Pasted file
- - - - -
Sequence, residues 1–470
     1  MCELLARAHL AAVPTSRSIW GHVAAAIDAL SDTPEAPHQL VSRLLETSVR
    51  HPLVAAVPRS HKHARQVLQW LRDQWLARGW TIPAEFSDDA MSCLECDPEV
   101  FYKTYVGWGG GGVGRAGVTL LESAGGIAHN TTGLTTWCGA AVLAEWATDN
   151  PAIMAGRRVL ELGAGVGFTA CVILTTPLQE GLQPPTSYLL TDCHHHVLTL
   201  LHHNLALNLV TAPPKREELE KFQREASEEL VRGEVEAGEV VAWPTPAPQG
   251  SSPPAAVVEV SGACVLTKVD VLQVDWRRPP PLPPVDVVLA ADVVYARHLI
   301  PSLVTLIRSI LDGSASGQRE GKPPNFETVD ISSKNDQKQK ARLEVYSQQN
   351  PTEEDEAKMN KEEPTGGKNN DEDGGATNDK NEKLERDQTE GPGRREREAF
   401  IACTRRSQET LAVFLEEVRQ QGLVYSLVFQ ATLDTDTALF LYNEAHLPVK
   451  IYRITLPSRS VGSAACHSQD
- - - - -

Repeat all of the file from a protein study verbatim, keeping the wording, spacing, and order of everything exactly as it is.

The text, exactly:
Sequence, residues 1–470
     1  MCELLARAHL AAVPTSRSIW GHVAAAIDAL SDTPEAPHQL VSRLLETSVR
    51  HPLVAAVPRS HKHARQVLQW LRDQWLARGW TIPAEFSDDA MSCLECDPEV
   101  FYKTYVGWGG GGVGRAGVTL LESAGGIAHN TTGLTTWCGA AVLAEWATDN
   151  PAIMAGRRVL ELGAGVGFTA CVILTTPLQE GLQPPTSYLL TDCHHHVLTL
   201  LHHNLALNLV TAPPKREELE KFQREASEEL VRGEVEAGEV VAWPTPAPQG
   251  SSPPAAVVEV SGACVLTKVD VLQVDWRRPP PLPPVDVVLA ADVVYARHLI
   301  PSLVTLIRSI LDGSASGQRE GKPPNFETVD ISSKNDQKQK ARLEVYSQQN
   351  PTEEDEAKMN KEEPTGGKNN DEDGGATNDK NEKLERDQTE GPGRREREAF
   401  IACTRRSQET LAVFLEEVRQ QGLVYSLVFQ ATLDTDTALF LYNEAHLPVK
   451  IYRITLPSRS VGSAACHSQD